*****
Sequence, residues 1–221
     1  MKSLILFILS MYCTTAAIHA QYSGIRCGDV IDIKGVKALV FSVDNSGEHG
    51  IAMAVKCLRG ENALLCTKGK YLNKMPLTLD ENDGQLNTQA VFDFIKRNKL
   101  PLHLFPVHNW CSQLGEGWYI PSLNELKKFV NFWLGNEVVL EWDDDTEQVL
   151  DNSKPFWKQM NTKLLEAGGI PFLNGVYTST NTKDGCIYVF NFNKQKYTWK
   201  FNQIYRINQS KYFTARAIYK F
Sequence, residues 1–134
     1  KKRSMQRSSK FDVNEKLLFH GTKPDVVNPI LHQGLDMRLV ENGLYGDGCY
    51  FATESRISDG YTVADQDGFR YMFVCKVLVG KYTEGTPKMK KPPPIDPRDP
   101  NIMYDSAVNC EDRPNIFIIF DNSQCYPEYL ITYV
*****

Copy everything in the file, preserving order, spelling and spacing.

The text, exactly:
Sequence, residues 1–221
     1  MKSLILFILS MYCTTAAIHA QYSGIRCGDV IDIKGVKALV FSVDNSGEHG
    51  IAMAVKCLRG ENALLCTKGK YLNKMPLTLD ENDGQLNTQA VFDFIKRNKL
   101  PLHLFPVHNW CSQLGEGWYI PSLNELKKFV NFWLGNEVVL EWDDDTEQVL
   151  DNSKPFWKQM NTKLLEAGGI PFLNGVYTST NTKDGCIYVF NFNKQKYTWK
   201  FNQIYRINQS KYFTARAIYK F
Sequence, residues 1–134
     1  KKRSMQRSSK FDVNEKLLFH GTKPDVVNPI LHQGLDMRLV ENGLYGDGCY
    51  FATESRISDG YTVADQDGFR YMFVCKVLVG KYTEGTPKMK KPPPIDPRDP
   101  NIMYDSAVNC EDRPNIFIIF DNSQCYPEYL ITYV